The late July emergency repositioning of the NASA Mars Odyssey orbiter after a serious onboard malfunction should enable the spacecraft to relay critical data to Earth from the Mars Science Laboratory (MSL) spacecraft throughout all aspects of the rover’s daring Entry, Descent and Landing (EDL) on Mars.
The transmission will be a real time confirmation of events, minus the 13.5 min of light time delay caused by the 154 million mi. distance from Mars to Earth.
Here is how the relay satellite arrangement was set up, the nature of the Odyssey emergency , its dramatic fix and the spacecraft maneuvering that went into reestablishing a real time relay for EDL.
Mars Odyssey, the primary relay spacecraft for Curiosity arrived in Martian orbit in 2001, long before the MSL mission was even defined in detail.
It was followed in 2006 by the high resolution Mars Reconnaissance Orbiter (MRO) which has played the primary role of imaging the best landing site candidates leading to Gale Crater’s selection. Odyssey has also provided critical data on the presence of past and possible current subsurface water in the landing site area to helping MSL define whether Gale Crater ever had, or possibly still has, habitable environments.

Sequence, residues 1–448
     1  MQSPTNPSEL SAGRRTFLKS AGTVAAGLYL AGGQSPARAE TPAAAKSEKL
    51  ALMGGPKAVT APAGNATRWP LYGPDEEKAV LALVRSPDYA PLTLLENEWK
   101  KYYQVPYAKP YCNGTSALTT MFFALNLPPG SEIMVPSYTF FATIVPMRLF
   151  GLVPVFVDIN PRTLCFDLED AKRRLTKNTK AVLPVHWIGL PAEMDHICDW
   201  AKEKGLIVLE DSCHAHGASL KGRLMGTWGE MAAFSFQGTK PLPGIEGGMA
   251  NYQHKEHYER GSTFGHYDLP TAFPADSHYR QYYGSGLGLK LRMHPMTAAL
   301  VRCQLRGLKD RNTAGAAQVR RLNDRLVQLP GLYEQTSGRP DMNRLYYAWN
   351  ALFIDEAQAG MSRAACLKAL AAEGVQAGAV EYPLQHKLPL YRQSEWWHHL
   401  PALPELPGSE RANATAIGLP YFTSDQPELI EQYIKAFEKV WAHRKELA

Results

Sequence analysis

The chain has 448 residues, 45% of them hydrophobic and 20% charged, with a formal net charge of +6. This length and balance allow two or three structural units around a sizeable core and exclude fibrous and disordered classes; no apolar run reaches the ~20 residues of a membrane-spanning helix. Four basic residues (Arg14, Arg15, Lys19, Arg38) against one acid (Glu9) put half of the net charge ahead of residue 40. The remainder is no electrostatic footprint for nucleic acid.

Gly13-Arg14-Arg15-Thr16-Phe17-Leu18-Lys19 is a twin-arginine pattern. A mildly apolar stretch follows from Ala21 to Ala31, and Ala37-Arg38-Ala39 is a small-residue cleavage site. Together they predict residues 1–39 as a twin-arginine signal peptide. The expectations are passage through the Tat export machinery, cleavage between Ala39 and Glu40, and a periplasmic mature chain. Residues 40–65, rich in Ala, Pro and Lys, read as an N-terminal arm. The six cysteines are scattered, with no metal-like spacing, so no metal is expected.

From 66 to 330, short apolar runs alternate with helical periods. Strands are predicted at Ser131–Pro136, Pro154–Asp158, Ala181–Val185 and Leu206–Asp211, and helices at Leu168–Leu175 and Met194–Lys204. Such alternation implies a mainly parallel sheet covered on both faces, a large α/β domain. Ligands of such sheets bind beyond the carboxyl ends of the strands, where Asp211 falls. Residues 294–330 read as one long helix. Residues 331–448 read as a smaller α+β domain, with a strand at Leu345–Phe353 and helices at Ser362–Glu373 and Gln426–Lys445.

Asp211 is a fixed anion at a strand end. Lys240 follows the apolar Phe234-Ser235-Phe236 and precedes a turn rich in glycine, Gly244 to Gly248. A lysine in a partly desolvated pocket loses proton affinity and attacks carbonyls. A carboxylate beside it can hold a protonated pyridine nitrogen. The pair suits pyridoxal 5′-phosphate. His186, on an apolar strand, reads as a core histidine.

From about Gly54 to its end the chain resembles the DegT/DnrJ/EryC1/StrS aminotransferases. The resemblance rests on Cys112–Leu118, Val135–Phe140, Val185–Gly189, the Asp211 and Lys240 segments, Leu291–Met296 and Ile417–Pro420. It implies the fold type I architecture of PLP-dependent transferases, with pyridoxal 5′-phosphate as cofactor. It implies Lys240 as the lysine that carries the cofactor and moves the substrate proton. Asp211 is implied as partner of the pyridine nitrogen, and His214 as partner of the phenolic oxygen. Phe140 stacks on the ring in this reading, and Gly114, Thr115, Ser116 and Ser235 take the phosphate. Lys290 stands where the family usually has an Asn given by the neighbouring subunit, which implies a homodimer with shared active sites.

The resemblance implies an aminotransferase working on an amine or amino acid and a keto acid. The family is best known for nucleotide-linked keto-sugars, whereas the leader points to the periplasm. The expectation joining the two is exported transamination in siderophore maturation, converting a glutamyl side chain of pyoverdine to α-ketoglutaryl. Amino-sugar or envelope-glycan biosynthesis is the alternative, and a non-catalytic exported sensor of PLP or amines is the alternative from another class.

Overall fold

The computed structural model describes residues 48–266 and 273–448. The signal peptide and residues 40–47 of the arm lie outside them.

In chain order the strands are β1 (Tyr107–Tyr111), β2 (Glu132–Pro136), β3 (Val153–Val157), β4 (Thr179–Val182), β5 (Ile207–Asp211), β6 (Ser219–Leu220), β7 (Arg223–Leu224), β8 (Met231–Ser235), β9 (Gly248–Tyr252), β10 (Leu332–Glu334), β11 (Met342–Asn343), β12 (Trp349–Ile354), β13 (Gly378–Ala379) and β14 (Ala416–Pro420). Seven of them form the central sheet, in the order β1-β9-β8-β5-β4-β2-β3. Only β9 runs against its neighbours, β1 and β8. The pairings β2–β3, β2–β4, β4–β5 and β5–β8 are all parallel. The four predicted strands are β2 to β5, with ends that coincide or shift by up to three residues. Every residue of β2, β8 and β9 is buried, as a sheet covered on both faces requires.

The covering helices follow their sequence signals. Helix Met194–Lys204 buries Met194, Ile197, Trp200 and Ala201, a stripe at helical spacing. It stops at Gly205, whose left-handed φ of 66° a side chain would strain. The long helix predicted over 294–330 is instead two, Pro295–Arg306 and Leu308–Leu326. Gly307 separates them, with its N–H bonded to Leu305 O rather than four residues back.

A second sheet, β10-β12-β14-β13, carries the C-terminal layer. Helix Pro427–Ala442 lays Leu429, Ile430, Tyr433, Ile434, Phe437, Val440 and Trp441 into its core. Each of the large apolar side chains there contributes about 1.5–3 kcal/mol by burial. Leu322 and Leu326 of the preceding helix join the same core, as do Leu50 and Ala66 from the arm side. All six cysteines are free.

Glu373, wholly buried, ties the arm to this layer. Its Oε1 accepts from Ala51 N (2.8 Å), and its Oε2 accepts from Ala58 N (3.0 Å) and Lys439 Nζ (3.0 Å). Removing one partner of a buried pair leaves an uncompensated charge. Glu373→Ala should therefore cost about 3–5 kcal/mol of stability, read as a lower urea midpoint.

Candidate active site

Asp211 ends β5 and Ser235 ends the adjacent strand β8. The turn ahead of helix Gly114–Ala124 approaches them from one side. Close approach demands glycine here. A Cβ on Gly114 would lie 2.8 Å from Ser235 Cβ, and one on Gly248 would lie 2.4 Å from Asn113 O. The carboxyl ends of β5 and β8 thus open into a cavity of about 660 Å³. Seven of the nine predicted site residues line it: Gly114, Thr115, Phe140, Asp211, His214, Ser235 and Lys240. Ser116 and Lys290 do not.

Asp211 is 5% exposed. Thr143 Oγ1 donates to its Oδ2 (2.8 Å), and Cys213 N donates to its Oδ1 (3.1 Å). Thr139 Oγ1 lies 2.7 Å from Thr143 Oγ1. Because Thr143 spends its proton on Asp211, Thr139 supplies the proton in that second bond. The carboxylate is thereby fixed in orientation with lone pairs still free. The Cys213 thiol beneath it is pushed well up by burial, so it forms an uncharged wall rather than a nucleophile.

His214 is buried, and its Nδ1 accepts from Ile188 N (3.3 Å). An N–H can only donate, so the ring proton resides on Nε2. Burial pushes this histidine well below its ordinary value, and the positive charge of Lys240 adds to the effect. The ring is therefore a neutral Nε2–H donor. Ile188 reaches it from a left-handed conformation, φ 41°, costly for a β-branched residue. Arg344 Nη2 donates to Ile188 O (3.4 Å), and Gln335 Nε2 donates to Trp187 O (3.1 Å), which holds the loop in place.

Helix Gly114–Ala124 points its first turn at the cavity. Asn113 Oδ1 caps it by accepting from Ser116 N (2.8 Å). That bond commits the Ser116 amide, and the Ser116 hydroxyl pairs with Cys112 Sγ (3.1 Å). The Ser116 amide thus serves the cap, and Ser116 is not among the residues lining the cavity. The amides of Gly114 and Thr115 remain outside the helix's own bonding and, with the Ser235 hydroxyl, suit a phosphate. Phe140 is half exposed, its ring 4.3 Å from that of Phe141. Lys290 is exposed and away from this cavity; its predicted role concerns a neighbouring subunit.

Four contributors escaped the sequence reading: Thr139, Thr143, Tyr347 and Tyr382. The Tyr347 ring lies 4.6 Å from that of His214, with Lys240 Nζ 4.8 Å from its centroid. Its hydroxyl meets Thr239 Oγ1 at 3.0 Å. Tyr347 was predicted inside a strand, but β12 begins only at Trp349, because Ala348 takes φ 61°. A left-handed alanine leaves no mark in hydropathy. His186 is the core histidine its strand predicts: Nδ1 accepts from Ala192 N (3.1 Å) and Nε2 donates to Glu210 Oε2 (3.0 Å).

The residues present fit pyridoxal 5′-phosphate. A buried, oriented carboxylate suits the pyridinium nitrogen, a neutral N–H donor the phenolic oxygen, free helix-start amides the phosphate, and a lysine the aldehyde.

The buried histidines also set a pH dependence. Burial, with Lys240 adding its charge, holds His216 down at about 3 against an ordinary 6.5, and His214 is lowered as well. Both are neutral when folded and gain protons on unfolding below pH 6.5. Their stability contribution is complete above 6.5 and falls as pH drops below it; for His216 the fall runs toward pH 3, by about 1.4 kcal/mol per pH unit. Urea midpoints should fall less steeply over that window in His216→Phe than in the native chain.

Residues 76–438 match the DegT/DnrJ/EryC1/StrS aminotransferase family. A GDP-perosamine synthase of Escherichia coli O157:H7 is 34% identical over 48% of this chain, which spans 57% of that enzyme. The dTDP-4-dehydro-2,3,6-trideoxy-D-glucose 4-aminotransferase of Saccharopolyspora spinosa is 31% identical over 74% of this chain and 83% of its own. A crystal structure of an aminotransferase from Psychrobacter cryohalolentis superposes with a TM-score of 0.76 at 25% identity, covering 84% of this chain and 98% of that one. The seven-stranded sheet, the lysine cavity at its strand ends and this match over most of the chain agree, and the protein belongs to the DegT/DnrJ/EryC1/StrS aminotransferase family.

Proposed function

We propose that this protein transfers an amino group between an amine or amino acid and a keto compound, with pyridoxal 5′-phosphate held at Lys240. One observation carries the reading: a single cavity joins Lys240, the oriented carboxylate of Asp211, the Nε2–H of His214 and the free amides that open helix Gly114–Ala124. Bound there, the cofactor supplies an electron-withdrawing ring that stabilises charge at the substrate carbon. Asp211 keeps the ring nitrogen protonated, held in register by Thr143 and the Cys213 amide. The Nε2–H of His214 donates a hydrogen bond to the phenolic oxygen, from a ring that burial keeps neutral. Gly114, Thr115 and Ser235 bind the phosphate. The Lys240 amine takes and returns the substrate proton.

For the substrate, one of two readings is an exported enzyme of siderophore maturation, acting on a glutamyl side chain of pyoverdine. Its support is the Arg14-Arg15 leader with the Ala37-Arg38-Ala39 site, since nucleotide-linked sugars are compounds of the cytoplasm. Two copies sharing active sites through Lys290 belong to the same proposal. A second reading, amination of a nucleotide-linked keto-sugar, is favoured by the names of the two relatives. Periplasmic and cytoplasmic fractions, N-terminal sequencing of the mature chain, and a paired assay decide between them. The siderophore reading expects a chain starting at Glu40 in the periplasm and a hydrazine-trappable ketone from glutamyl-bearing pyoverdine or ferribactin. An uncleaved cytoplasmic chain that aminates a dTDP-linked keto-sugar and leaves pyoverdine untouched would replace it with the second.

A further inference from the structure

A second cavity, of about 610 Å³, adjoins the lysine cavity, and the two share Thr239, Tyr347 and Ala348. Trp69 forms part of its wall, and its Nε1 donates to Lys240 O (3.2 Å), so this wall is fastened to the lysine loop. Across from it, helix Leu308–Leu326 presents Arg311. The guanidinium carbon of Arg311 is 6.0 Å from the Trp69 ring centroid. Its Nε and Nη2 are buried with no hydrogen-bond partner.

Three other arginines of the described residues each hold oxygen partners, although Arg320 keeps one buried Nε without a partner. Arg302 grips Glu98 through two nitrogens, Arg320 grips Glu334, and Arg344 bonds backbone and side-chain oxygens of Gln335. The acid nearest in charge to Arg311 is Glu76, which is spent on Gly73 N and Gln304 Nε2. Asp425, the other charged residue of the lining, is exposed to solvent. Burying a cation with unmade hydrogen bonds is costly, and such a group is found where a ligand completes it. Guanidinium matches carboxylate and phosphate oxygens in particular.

Odyssey, a spacecraft with older but still very capable technology can receive data at either 128K or 256K bits per second. At the low end, this is only twice as fast as an internet dialup connection, but useful amounts of data can be exchanged at this rate.
MRO’s data rate is far greater and variable up to 2048 kilobits per second owing to more powerful radios, advanced compression schemes and a new generation of error correction software.
To return its data to Earth, Curiosity will transmit signals at high data rates to Odyssey and MRO, which in turn will use their more powerful radio and directional antenna to send the data to Earth.
As defined by their science objectives, the orbital paths of the Odyssey and MRO are nearly circular sun-synchronous polar orbits traveling over the same locations on Mars at nearly the same time twice each day.